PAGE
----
The current government has commited to working on how to implement the changes to transgender provisions, and it is important that this does not fall by the wayside while attention shifts to Brexit.
6. Retain a Cabinet Minister for Equalities
During David Cameron’s time as Prime Minister, we have seen the benefit of a high-ranking cabinet minister with responsibly for equalities issues.
Theresa May, as Home Secretary and Minister for Equalities, helped ensure that same-sex marriage made it onto the government agenda.
Her successor, Maria Miller, ensured that it passed in Parliament.
In turn, her successor Sajid Javid brought in the process to allow civil partnerships to be converted to marriages.
His successor, Nicky Morgan, has used her role as Education Secretary to focus attention on the issue of homophobic and transphobic bullying.
As a former equalities minister herself, it is imperative that the next Prime Minister recognises the worth of the role and continues to appoint a cabinet-ranking Minister for Equalities.
7. Tackle hate crimes and homophobic, biphobic and transphobic bullying
Homophobic and transphobic bullying in schools, the workplace and wider communities is a menace and it must be stamped out.
As Prime Minister, Theresa May must continue to condemn this as strongly as David Cameron has done, and commit to continue to fund schemes to make our society a more equal and inclusive place to live, work and study in.
We would further welcome commitments for candidates to commit to all children, whatever their school, to be offered inclusive sex and relationship education that recognises that modern families come in all shapes and sizes.
8. Continue existing reviews on LGBT policies
The government and official bodies are currently reviewing the provision of PrEP (Pre-Exposure Prophylaxis), blood donation rules for gay and bisexual men, and the possibility of pardons for historic gay sex convictions. These reviews should and must continue.
As Home Secretary, Theresa May carried out a review of the treatment of LGBT refugees and asylum seekers – in which the government committed to further monitoring and periodic review of the issue. As rights groups report that the system is failing LGBT people, we would urge Mrs May to stand by her commitment and to again review the issue.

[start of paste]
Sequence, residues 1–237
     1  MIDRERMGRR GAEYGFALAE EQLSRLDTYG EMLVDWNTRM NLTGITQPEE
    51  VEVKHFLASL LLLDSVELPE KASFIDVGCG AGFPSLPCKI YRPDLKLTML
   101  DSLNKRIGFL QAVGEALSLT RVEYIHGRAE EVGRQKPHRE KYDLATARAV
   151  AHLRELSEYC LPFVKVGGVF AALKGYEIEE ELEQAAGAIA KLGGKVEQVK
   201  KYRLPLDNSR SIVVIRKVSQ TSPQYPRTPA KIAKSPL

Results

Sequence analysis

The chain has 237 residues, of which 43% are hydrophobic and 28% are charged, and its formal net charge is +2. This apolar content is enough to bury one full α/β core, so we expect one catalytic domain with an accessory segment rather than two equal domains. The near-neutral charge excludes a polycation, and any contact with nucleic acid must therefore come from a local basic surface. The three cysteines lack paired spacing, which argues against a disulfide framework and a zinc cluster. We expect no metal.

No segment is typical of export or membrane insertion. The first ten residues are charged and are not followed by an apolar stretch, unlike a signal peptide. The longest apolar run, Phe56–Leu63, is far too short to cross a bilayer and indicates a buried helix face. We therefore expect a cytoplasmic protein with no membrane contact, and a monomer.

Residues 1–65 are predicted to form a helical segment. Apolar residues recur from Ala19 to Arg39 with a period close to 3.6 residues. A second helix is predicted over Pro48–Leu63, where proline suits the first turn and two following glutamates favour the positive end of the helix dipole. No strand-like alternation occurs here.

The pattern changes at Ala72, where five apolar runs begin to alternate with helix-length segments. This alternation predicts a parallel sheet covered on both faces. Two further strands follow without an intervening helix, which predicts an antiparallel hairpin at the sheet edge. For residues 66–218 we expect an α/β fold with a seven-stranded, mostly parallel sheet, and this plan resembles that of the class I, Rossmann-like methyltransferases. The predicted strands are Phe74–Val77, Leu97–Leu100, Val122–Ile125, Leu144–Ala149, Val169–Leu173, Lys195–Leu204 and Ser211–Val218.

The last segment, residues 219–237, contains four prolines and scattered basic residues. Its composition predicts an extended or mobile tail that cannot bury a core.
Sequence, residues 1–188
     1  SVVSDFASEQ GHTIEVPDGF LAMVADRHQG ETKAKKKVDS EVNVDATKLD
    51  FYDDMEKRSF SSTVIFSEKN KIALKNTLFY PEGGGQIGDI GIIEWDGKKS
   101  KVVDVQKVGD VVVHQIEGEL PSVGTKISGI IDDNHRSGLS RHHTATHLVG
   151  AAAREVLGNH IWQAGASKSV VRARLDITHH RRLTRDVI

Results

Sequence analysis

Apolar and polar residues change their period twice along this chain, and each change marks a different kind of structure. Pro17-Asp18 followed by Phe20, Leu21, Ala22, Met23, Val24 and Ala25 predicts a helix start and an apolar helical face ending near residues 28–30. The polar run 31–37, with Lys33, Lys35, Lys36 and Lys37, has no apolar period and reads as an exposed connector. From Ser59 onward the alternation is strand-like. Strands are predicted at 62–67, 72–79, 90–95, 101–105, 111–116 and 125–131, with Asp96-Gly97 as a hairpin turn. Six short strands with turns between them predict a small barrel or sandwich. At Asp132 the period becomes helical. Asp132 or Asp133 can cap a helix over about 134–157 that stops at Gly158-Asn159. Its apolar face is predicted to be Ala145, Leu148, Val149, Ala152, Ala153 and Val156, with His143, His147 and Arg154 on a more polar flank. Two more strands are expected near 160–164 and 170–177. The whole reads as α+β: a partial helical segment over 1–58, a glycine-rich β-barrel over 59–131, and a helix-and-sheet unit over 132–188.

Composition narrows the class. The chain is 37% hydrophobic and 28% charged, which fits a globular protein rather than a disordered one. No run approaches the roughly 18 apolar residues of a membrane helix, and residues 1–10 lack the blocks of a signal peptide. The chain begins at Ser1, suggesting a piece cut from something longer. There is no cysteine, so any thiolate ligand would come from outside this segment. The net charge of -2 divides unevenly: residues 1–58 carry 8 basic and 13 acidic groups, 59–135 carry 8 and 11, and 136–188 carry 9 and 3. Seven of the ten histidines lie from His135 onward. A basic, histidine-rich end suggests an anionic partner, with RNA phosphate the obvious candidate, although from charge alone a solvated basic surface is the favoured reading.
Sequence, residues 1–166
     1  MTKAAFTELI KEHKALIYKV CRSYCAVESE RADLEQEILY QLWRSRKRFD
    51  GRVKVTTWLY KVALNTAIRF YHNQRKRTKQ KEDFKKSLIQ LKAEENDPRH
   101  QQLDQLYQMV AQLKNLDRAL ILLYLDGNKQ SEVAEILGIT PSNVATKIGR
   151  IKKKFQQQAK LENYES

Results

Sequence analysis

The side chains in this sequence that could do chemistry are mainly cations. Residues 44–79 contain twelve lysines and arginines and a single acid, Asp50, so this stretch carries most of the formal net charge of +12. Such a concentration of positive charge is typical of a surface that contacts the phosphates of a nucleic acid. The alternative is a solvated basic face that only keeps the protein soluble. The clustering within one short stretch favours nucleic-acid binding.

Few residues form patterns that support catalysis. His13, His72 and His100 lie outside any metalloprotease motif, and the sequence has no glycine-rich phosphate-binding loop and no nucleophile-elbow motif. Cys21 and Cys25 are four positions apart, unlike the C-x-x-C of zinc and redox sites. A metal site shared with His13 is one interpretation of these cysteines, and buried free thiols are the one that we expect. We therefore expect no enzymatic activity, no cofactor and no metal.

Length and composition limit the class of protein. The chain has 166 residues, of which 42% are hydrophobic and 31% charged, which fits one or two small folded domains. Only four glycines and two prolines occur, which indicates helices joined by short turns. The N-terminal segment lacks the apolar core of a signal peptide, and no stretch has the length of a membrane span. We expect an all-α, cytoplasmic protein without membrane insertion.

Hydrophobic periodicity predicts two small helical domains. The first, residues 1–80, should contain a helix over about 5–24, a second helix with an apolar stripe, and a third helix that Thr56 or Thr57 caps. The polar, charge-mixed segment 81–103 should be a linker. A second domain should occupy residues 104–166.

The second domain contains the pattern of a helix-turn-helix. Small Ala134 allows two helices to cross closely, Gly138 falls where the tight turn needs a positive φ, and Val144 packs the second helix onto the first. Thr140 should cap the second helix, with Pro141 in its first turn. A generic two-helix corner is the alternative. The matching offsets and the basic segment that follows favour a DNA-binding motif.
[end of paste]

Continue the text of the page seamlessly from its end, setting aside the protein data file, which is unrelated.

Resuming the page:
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In addition, there are many calls for a review into pension provisions for those in a same-sex relationship, as some private schemes discriminate against gay and bisexual couples.
9. End ‘gay cure’ therapies
David Cameron told PinkNews that “treating lesbian, gay and bisexual people as having an illness to be ‘cured’ is profoundly wrong.” He added that although the government was not planning to make them illegal, “if we need to go further to protect people from harm, we will.”
Education Secretary Nicky Morgan told the audience at the PinkNews Awards: “Gay cure therapies have no place in our country and we must stamp them out.”
PinkNews was alarmed to learn that some of the former leadership candidates had links to groups that support gay cure therapies. As leader, Theresa May should condemn gay cure therapies and pledge not to work with any organisation that advocates or supports these practices.
10. Reject calls to weaken anti-discrimination laws
There have been proposals from the Democratic Unionist and UK Independence Parties to introduce ‘conscience’ provisions into equalities law, which would create exemptions from LGBT anti-discrimination protections on the grounds of religious belief.
The next Prime Minister must make a clear commitment not to take regressive action, which would be damaging to the UK as it has been in certain US states.
It took decades to reach consensus on our anti-discrimination laws, which are some of the strongest in the world, and Mrs May must stand by the progress we have made.